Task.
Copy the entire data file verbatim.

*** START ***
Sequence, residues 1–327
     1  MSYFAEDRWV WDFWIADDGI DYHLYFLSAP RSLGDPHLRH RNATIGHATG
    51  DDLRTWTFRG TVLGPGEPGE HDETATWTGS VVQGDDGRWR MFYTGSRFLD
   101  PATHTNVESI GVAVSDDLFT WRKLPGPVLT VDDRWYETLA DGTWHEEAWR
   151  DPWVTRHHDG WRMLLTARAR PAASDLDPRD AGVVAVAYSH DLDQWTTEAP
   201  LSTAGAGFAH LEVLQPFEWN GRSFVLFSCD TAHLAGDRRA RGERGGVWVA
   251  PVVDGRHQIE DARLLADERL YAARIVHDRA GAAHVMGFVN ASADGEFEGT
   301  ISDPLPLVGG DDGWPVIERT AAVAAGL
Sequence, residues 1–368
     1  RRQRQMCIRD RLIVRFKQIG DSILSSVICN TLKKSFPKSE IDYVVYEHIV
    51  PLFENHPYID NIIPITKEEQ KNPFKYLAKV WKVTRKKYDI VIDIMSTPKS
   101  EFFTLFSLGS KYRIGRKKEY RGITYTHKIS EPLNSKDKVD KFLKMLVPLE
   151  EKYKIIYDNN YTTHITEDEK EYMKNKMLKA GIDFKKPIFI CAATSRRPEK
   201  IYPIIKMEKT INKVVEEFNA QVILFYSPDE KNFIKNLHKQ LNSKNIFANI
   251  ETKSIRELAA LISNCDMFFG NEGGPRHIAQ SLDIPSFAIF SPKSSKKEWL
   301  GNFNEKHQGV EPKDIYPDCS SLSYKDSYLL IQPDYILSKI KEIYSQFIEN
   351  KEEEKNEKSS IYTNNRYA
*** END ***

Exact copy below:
Sequence, residues 1–327
     1  MSYFAEDRWV WDFWIADDGI DYHLYFLSAP RSLGDPHLRH RNATIGHATG
    51  DDLRTWTFRG TVLGPGEPGE HDETATWTGS VVQGDDGRWR MFYTGSRFLD
   101  PATHTNVESI GVAVSDDLFT WRKLPGPVLT VDDRWYETLA DGTWHEEAWR
   151  DPWVTRHHDG WRMLLTARAR PAASDLDPRD AGVVAVAYSH DLDQWTTEAP
   201  LSTAGAGFAH LEVLQPFEWN GRSFVLFSCD TAHLAGDRRA RGERGGVWVA
   251  PVVDGRHQIE DARLLADERL YAARIVHDRA GAAHVMGFVN ASADGEFEGT
   301  ISDPLPLVGG DDGWPVIERT AAVAAGL
Sequence, residues 1–368
     1  RRQRQMCIRD RLIVRFKQIG DSILSSVICN TLKKSFPKSE IDYVVYEHIV
    51  PLFENHPYID NIIPITKEEQ KNPFKYLAKV WKVTRKKYDI VIDIMSTPKS
   101  EFFTLFSLGS KYRIGRKKEY RGITYTHKIS EPLNSKDKVD KFLKMLVPLE
   151  EKYKIIYDNN YTTHITEDEK EYMKNKMLKA GIDFKKPIFI CAATSRRPEK
   201  IYPIIKMEKT INKVVEEFNA QVILFYSPDE KNFIKNLHKQ LNSKNIFANI
   251  ETKSIRELAA LISNCDMFFG NEGGPRHIAQ SLDIPSFAIF SPKSSKKEWL
   301  GNFNEKHQGV EPKDIYPDCS SLSYKDSYLL IQPDYILSKI KEIYSQFIEN
   351  KEEEKNEKSS IYTNNRYA